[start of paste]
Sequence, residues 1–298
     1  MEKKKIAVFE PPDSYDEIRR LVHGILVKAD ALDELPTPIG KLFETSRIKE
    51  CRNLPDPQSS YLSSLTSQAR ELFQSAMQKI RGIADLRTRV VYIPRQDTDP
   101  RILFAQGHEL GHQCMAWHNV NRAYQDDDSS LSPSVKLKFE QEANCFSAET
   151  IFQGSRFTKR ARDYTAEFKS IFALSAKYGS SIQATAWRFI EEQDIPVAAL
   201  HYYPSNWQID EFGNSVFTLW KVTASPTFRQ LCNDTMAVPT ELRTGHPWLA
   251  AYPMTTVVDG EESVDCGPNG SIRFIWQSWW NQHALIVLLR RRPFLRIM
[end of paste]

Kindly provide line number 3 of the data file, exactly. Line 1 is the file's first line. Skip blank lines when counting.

    51  CRNLPDPQSS YLSSLTSQAR ELFQSAMQKI RGIADLRTRV VYIPRQDTDP